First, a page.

Witty acting, but a muddled message

Matt Damon (right) plays the central character in "The Informant!" with Scott Bakula (left) and Joel McHale as FBI agents.
Matt Damon (right) plays the central character in "The Informant!" with Scott Bakula (left) and Joel McHale as FBI agents.
Posted: September 18, 2009

Would I lie to you? Mark Whitacre, the central figure in Steven Soderbergh's The Informant!, is a guy who blows the whistle and his own horn at the same time. It's a stunt that leaves him, and us, breathless. And not always in a good way.

Based on the curious and curiouser tale of the real-life agribusiness exec (Matt Damon, bewigged and wiggy), the truth-based film about a compulsive liar wavers between corporate thriller and screwball comedy. The result is like Michael Clayton, that story of moral remorse, but played for uneasy laughs.

Soderbergh introduces Whitacre as a peddler and promoter of lysine, the amino acid used as an additive to make food taste sweeter. Two questions drive the narrative. Is there a mole relaying lysine secrets to Japanese competitors, as Whitacre suggests to his bosses at Archer Daniels Midland? Or is there a price-fixing scheme between ADM and the Japanese, as he suggests to the FBI?

Though the film's action is set in the 1990s, Soderbergh shoots it like a brightly lit 1970s television game show. Completing the effect is a Marvin Hamlisch score that echoes the bouncy theme of The Dating Game.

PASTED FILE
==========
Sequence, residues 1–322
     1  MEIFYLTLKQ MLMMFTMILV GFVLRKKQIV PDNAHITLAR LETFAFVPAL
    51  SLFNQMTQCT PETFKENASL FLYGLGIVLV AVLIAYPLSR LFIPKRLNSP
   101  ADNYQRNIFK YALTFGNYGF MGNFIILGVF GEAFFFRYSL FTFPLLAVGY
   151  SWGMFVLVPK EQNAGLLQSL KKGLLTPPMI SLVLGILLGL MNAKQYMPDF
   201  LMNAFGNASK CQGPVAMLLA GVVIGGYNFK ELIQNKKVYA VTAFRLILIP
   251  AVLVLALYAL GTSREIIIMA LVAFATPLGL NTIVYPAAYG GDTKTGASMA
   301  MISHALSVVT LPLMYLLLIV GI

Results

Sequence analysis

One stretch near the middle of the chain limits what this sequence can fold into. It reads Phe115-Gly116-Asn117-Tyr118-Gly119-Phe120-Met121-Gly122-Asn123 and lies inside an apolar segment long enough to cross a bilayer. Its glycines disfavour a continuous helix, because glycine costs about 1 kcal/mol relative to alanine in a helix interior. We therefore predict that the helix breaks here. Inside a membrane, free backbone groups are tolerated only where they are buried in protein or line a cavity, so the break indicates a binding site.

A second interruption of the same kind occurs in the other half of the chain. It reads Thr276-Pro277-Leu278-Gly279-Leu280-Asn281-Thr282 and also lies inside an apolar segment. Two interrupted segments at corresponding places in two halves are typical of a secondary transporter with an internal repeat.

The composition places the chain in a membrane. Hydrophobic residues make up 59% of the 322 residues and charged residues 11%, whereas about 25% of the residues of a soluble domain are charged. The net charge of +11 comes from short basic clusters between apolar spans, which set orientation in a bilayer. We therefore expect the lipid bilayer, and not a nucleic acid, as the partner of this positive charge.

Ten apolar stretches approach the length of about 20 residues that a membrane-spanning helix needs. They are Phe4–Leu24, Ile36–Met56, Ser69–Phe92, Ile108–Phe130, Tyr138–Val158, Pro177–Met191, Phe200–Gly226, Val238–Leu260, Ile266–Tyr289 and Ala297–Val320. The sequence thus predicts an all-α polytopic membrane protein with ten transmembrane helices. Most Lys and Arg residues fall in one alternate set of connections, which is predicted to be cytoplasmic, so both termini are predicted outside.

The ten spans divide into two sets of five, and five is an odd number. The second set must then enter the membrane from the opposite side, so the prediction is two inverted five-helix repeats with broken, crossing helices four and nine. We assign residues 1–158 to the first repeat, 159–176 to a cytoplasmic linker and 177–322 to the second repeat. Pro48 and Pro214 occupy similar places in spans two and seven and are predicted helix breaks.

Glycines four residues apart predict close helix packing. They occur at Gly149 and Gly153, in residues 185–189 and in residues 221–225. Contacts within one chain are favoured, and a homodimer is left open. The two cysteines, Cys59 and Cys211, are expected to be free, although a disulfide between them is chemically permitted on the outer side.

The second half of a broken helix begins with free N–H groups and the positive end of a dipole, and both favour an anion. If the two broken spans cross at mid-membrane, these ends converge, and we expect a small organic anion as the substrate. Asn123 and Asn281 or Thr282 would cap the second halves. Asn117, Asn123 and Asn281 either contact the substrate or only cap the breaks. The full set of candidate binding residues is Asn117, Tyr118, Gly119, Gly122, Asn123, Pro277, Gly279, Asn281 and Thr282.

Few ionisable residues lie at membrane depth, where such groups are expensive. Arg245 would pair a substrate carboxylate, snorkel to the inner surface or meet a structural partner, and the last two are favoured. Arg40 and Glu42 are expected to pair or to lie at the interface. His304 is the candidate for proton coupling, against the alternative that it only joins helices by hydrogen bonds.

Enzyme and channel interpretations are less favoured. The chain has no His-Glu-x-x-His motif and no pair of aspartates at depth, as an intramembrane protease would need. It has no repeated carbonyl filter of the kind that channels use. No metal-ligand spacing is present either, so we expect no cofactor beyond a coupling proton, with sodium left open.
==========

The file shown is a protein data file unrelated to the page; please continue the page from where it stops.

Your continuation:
It's not the comically garish look and sound of the movie that make it intermittently tasty in a lysine-injected way. It's Whitacre's stream-of-consciousness narration (written by screenwriter Scott Z. Burns) that gives us a wild ride on a river overflowing its banks.

Damon expertly navigates the rapids of Whitacre's weirdness. Is this oven-stuffer with a mustache like Tom Cruise in The Firm a guy who will expose his colleagues as the Gang of Greedy? Or is he more like Harold with his purple crayon, infinitely capable of improvising new details to support his word and his world? Damon's performance is worth watching even as his character exhausts us with half-truths and whole lies.

Equally effective is Scott Bakula as an FBI special agent (and Mr. Spock look-alike) who taps the Archer Daniels Midland executive as a government witness for a federal investigation into price-fixing. As the believer who is at first bemused and then bewildered by Whitacre's mercurial testimony, Bakula is the ideal surrogate for a perplexed audience. Similarly, Whitacre's exasperated wife, played by Melanie Lynskey, is drily funny.

But does The Informant! add up to anything more than the deadpan drollery of its actors? It's hard to tell what the movie means to say. Is it that in America we have corporate liars so credible that they deceive crack government investigators? Or is it that mild liars build castles in the air and compulsive liars live in them?


Contact movie critic Carrie Rickey at 215-854-5402 or crickey@phillynews.com. Read her blog, "Flickgrrl," at http://www.philly.com/philly/blogs/flickgrrl/

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